Opened in 1943, Rivenhall was used by both the Royal Air Force and United States Army Air Force. During the war it was used primarily as a combat airfield with various fighter and bomber units based there. In was closed following the end of the the war in 1946 although it was kept in reserve for a following 10 years. Rivenhall, for a time, was used to house Polish servicemen released from PoW camps who did not want to return to their homeland. Marconi leased much of the site after this time.
Construction of the site began in early 1943 with the runways, perimeter and hard standings being built by Messrs W. & C. French and the buildings by Bovis Limited. Building progress was slow during the autumn and winter of 1943, so much so that much of the accommodation and support installations were uncompleted when the first units of the USAAF arrived. The airfield, like others in the grouping, had first been allocated to the Eighth Air Force for heavy bomber use and eventually re-assigned to the 3rd Bombardment Wing which became the nucleus of IX Bomber Command.
The airfield was built to the ‘Class A airfield’ standard consisting of three runways of 6,000 ft, 4,200 ft and 4,200 ft. 51 “Loop” type hardstands were constructed connecting to an enclosing perimeter track, of a standard width of 50 feet. The ground support station was constructed largely of Nissen huts (rounded one) of various sizes mostly on the south side of the airfield. The support station was where the group and ground station commanders and squadron headquarters and orderly rooms were located. Also on the ground station were where the mess facilities, chapel, hospital, armory and bombsite storage and many more things including life support, parachute rigging and airfield security – all of which were ground support functions necessary to support the air operations of the group. These facilities were all connected by a network of single path support roads.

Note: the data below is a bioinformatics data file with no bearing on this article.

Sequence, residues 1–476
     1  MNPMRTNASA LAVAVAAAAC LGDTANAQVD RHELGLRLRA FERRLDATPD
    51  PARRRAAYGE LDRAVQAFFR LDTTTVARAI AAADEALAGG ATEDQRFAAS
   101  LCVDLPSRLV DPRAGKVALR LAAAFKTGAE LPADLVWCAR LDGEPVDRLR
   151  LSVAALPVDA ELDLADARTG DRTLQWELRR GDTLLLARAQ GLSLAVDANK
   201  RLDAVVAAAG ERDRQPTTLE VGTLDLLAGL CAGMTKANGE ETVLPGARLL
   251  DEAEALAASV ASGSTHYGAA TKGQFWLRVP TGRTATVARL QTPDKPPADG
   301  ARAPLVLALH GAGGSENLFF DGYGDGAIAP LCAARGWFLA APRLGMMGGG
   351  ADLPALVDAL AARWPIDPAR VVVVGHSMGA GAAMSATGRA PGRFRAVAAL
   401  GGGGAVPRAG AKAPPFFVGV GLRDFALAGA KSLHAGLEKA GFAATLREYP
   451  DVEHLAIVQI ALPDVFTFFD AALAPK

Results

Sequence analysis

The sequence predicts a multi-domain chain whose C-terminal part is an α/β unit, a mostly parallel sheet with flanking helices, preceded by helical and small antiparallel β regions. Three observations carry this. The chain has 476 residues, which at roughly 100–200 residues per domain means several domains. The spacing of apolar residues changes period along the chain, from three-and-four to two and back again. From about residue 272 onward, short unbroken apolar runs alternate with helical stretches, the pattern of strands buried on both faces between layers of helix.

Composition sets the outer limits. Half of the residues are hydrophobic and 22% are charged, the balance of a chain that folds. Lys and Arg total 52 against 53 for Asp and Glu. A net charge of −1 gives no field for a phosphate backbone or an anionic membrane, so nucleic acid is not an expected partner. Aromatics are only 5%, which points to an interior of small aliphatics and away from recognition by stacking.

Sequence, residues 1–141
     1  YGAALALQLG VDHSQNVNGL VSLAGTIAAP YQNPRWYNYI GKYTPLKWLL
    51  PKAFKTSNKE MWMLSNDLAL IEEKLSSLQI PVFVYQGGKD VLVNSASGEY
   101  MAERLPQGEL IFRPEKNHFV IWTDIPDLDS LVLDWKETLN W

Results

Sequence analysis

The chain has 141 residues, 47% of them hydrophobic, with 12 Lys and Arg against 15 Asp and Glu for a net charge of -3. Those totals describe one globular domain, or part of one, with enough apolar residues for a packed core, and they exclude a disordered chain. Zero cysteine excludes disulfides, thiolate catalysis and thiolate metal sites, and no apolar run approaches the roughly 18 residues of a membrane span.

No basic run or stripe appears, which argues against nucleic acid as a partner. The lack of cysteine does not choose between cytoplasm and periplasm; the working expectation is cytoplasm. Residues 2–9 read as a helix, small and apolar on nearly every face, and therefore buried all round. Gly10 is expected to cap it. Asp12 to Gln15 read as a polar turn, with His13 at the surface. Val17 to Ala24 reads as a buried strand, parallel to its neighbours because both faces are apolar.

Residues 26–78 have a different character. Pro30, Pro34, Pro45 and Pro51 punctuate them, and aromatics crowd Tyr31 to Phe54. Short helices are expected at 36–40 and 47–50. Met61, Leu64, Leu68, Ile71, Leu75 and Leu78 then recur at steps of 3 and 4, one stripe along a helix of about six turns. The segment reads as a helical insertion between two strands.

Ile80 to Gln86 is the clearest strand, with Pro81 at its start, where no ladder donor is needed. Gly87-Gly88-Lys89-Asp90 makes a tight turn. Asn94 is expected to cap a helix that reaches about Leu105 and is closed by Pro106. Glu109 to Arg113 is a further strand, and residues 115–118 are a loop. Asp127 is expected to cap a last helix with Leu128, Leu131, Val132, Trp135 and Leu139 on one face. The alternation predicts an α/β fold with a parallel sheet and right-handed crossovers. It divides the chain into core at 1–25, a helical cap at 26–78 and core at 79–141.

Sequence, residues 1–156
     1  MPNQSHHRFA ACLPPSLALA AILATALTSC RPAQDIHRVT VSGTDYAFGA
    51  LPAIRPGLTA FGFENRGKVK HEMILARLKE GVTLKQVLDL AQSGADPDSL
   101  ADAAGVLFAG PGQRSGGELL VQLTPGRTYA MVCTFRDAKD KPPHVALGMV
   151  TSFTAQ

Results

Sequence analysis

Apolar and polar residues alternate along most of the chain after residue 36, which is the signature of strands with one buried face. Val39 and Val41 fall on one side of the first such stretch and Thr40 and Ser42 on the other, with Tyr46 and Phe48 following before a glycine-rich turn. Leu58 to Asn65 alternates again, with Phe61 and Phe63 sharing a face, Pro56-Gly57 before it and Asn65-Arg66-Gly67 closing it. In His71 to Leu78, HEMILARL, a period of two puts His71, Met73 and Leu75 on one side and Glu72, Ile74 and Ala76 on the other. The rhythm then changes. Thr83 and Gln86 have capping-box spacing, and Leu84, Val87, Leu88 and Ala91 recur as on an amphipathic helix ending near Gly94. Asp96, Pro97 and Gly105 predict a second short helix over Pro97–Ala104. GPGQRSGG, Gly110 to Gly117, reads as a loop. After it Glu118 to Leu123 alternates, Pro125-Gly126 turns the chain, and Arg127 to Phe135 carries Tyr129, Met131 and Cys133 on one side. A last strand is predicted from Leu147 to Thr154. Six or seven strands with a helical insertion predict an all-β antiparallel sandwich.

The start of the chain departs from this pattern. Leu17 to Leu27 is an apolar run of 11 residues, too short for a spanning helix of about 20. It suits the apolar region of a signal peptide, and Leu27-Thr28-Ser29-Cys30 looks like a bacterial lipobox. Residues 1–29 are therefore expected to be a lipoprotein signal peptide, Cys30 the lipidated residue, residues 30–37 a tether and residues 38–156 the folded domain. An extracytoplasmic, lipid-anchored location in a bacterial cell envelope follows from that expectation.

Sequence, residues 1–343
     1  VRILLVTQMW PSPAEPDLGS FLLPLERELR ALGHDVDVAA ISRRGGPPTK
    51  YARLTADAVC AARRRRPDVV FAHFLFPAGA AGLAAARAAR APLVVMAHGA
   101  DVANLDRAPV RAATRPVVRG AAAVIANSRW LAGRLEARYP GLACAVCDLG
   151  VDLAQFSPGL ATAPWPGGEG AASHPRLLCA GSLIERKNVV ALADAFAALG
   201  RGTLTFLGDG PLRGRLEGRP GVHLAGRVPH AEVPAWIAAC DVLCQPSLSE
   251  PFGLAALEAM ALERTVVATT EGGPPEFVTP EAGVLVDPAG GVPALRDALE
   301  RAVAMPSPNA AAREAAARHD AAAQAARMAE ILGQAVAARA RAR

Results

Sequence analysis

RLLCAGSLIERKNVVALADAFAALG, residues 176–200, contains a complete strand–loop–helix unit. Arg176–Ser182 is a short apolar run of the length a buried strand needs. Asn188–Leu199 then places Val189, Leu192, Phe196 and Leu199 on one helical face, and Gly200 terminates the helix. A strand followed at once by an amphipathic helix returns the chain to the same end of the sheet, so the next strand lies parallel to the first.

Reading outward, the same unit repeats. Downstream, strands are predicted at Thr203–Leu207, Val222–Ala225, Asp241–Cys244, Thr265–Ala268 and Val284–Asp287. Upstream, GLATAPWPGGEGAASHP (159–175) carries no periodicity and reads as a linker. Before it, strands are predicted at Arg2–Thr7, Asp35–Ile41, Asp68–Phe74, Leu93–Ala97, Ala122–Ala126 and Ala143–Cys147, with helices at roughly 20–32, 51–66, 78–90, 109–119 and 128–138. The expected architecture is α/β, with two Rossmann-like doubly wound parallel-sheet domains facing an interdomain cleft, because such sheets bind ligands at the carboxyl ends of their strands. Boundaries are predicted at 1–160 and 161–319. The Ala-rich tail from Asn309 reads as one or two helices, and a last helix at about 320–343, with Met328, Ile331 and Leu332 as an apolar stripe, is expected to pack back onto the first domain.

The technical site, also on the south side of the airfield, was connected to the ground station and airfield consisted of at least two T-2 type hangars and various organizational, component and field maintenance shops along with the crew chiefs and other personnel necessary to keep the aircraft airworthy and to quickly repair light and moderate battle damage. Aircraft severely damaged in combat were sent to repair depots for major structural repair.
The Ammunition dump was located on the north side of the airfield, outside of the perimeter track surrounded by large dirt mounds and concrete storage pens for storing the aerial bombs and the other munitions required by the combat aircraft. Various domestic accommodation sites were constructed dispersed away from the airfield on the south side, but within a mile or so of the technical support site, also using clusters of Maycrete or Nissen huts. The Huts were either connected, set up end-to-end or built singly and made of prefabricated corrugated iron with a door and two small windows at the front and back. They provided accommodation for 2,594 personnel, including communal and a sick quarters.
Exploring The Site
The site of the airfield is quite large with the buildings being scattered in woodland and long grass. Two hangers exist, one is listed, whilst the other is due to be demolished (Marconi modified the building, therefore making it invalid for listing) to make way for a incinerator. All other buildings next to the runway and the control tower itself have been cleared in the last few years.
The BTP Boys show the true scale of the site